No Thanks
Keep In Touch With

Sign up and we'll send inspiration straight to you.

Martha Stewart takes your privacy seriously. To learn more, please read our Privacy Policy.


Batik Prints: Gingham Batik




According to Indonesian folklore, certain motifs on traditional batik cloths bring good health. Our improvised patterns -- made with successive impressions of different-size icing tips, blocks, and dowels -- promise only to brighten a tabletop.


  1. Step 1


    A checked pattern may be created with any size square wood block. Place a sheet of graph paper beneath the white fabric to use as a guide. Apply a grid of waxed squares, making equal-size squares and spaces, and then dip fabric briefly, about 20 seconds, into dye.

  2. Step 2


    Without removing the wax, stamp a second grid of waxed squares that is vertically and horizontally aligned with squares of the first. Immerse fabric in dye for 20 minutes.

  3. Step 3


    The finished piece emerges from the dye, wax still in place. The first dye bath is the key to the checks, creating the pale squares that contrast with the white and dark blocks around them.

  4. Step 4


    Below, squares, rings, and stripes decorate throw pillows. Pillowcases are backed with a second handkerchief dyed the same color: Stitch wrong sides together, turn right side out, stuff with standard-size insert, and sew closed. For the bed pillow, we stamped a diamond pattern on a standard pillowcase.

  5. Step 5


    White-cotton table linens and hand-sewn seat-cushion covers (stuffed with batting) are stippled with dots and rings by using cake-decorating tips and wooden dowels; then they are dyed periwinkle or coffee brown. The 54- inch-square tablecloth is the most ambitious undertaking, requiring a basin large enough to dye the fabric evenly. Circles on graph paper, placed beneath fabric, help maintain the design.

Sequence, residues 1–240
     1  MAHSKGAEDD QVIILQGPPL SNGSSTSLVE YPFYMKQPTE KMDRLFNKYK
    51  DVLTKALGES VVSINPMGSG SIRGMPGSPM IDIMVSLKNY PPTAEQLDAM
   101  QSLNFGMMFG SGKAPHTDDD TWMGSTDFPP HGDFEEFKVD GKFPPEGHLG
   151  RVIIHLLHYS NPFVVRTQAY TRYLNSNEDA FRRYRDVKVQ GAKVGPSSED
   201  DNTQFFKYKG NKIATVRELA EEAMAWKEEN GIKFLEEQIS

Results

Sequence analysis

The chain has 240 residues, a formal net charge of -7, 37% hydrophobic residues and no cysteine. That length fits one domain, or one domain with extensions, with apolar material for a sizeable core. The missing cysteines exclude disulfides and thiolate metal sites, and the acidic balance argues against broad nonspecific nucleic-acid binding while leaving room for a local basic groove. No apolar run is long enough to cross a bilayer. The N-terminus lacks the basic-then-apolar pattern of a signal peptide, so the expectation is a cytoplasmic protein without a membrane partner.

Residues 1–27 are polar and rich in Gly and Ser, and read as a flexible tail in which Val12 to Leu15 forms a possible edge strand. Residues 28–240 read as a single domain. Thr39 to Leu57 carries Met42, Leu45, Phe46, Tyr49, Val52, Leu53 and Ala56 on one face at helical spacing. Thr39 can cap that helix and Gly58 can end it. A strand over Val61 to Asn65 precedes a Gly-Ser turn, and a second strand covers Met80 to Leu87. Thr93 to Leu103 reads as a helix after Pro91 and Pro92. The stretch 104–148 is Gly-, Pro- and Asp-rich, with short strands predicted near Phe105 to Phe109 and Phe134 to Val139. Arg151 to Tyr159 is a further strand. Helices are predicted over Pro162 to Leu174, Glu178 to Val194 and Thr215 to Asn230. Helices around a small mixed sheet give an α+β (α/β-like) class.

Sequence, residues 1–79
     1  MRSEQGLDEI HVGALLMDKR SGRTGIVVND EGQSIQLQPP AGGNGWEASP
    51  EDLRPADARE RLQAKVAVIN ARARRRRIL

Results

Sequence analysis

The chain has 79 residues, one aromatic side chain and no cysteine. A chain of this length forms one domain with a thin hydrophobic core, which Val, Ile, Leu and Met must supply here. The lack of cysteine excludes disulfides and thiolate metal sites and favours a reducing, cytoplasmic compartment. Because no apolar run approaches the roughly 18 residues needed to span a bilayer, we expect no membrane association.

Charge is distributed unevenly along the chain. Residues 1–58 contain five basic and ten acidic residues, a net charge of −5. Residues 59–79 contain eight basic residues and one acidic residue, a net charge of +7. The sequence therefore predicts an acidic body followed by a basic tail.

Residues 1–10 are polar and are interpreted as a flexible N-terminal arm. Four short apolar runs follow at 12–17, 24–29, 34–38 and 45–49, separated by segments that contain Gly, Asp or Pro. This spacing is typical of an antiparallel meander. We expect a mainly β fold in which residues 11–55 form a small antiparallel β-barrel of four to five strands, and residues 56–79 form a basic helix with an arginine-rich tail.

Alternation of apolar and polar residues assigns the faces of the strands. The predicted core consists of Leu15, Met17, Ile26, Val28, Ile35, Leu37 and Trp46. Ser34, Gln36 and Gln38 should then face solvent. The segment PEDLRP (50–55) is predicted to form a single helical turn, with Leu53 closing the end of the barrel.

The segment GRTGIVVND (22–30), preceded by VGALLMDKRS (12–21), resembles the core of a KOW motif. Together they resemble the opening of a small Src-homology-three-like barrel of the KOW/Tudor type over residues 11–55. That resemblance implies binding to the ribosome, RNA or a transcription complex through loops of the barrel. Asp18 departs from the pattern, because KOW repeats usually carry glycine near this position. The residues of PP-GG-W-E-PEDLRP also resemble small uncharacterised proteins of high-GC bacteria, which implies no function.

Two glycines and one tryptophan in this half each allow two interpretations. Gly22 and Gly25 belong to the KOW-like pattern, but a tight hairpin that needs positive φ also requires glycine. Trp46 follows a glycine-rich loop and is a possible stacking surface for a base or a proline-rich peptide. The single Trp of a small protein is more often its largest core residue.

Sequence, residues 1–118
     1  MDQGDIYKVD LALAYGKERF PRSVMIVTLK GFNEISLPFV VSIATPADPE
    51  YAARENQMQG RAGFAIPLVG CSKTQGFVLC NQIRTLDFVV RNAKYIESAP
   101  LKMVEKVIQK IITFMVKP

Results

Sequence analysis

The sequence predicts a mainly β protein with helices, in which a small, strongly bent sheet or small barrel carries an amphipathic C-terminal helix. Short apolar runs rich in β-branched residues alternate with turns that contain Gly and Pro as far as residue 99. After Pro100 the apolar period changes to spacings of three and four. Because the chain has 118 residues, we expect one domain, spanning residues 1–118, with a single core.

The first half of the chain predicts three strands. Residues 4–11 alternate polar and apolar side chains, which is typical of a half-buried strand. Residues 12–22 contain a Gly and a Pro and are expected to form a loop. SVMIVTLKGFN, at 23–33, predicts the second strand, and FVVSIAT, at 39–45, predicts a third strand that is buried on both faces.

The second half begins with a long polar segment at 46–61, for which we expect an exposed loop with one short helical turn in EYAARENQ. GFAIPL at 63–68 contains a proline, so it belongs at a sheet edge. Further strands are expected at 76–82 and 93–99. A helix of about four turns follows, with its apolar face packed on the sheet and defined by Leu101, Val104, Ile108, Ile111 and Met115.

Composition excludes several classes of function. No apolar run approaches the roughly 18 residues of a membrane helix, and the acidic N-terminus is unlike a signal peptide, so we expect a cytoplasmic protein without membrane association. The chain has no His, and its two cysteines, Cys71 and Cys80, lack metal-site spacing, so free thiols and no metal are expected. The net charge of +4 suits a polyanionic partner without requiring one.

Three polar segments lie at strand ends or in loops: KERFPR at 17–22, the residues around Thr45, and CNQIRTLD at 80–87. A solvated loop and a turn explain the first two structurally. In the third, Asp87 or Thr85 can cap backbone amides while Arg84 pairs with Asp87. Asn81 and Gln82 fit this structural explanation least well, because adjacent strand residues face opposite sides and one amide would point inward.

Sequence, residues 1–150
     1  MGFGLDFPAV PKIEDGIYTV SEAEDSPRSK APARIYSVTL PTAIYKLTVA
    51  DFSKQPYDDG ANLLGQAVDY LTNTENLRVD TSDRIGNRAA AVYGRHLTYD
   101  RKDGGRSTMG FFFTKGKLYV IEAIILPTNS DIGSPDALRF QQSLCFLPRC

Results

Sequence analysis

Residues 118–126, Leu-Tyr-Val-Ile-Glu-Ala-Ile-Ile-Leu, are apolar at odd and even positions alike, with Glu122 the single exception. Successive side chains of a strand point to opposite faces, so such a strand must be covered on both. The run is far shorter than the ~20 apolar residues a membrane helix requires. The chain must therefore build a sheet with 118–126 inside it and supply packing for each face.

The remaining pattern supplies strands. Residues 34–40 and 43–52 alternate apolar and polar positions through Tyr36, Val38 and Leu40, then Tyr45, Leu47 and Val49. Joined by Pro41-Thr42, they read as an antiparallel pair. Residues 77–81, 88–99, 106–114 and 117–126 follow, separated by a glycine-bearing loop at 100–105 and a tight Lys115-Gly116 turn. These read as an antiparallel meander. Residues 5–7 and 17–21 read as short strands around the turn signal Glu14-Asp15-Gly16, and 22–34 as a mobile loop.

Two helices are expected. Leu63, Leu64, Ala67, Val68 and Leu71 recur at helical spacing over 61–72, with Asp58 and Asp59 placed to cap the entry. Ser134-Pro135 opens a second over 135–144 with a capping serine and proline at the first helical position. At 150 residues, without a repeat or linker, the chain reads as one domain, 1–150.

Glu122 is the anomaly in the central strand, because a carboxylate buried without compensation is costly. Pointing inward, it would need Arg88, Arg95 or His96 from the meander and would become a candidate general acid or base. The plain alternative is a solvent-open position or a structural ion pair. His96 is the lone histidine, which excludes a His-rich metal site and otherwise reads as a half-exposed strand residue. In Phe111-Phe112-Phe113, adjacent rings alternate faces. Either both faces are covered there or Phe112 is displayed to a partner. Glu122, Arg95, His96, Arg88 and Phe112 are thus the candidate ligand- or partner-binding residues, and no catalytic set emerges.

6. Step 6


    To give a tablecloth and napkin set as a gift, tie it with batik-cotton ribbon; simple twill tape will accept dye, too.

Martha Stewart Living, August 2001



Reviews (7)

  • RylieJaiden 28 Jul, 2011

    All of the info can be found here

  • RylieJaiden 28 Jul, 2011

    Relax everyone, if you visit the "Getting Started" and "Dying How To" tabs, it will tell you all of the information you need to know.

  • KandisinMI 25 Jul, 2011

    If you copy and paste this link, it will bring you to the general instruction page for batik:

  • atruje 25 Jul, 2011

    Where are the instructions is this a joke?

  • Corpusxn 24 Jul, 2011

    I have done and sold batiks in craft shows and some local galleries but your instructions are poor and fail to discuss the kind of fabric, pre washing it and what kind of permanent dye so that it will not wash out in future washings! A beginner would be disappointed by your site with so little information!

  • toytowndi 24 Jul, 2011

    Having never done batik printing before I am very disappointed with the instructions given for this project.
    There is no supply list? What do you do with the wood block to get wax squares onto fabric? What type of fabric should be used that you can see graph paper through? Too thin and it wouldn't make a good napkin.
    This project definitely needs more precise instructions.

  • Judak 24 Jul, 2011

    Very confusing - no direction for the polka dots, etc. on a cloth already died.